One Test Isn't Enough to Accurately Diagnose Herniated Discs

Doctor with PatientHaving only a single test performed during a physical exam isn't enough to accurately diagnose a herniated disc, according to new findings published in the February 2010 issue of The Cochrane Library.

Low back pain can be caused by a variety of factors. Although most people who have back pain, regardless of the cause, respond well to non-surgical treatments, a small amount of people do need surgery. To determine the severity of the back pain and if further testing is necessary, doctors rely upon the results of a physical exam.

In this study, the researchers assessed how well tests done during a physical exam accurately diagnosed patients with low back pain and sciatica caused by a herniated disc.

The researchers reviewed 19 studies that, in total, included approximately 8,000 participants. The studies compared physical exam test results with those of diagnostic imaging (such as MRI or CT scans).

Though the researchers reviewed a large number of records, there was not an abundance of solid research on this subject, according to the study's lead author, Dr. Danielle van der Windt. Most notably, only 1 of the 19 studies was carried out in a primary care setting, which means that the patients in the rest of the studies had already undergone numerous tests. Additionally, the participant group was almost entirely made up of surgical patients.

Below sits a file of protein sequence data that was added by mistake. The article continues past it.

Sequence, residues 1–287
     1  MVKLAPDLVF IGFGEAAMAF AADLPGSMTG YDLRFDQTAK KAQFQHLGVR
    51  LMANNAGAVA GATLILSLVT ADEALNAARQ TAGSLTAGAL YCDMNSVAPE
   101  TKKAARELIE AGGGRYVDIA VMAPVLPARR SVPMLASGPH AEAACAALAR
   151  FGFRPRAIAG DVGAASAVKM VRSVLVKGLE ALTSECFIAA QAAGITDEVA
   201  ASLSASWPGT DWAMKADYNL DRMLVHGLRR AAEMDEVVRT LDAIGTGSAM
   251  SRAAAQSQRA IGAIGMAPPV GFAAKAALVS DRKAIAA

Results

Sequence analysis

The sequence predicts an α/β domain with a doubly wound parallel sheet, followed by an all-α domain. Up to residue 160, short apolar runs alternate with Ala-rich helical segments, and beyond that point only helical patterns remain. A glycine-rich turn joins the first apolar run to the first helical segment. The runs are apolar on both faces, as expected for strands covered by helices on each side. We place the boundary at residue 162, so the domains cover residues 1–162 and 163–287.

The single study conducted in a primary care setting highlighted the benefits of performing multiple tests. In the study, the researchers asked the participants about their pain, and this was followed by an extensive physical exam that included multiple tests. All the patients then received an MRI scan. The results showed that the combination of questions about the patients' medical history, thorough physical exam, and diagnostic testing most accurately diagnosed patients with a herniated disc.

This study is important because it highlights the consequences of a lack of proper testing—both for people who don't need surgery and those who do. More testing better confirms the cause of your back pain, which will allow your doctor to make the best treatment recommendations.

Dr. van der Windt said that more research must be conducted to definitively conclude that performing multiple tests during a physical exam most accurately diagnoses herniated discs.

To learn more about this study, you may read the abstract here.

Updated on: 06/26/18
Continue Reading
Cervical Herniated Disc or Ruptured Disc
Continue Reading:

Cervical Herniated Disc or Ruptured Disc

A cervical herniated disc is a common cause of neck pain that may radiate into the shoulders and arms often resulting from spinal nerve compression. Sensations of numbness and tingling are typical symptoms, and some patients experience muscle spasms. Movement can aggravate and intensify neck pain.
Read More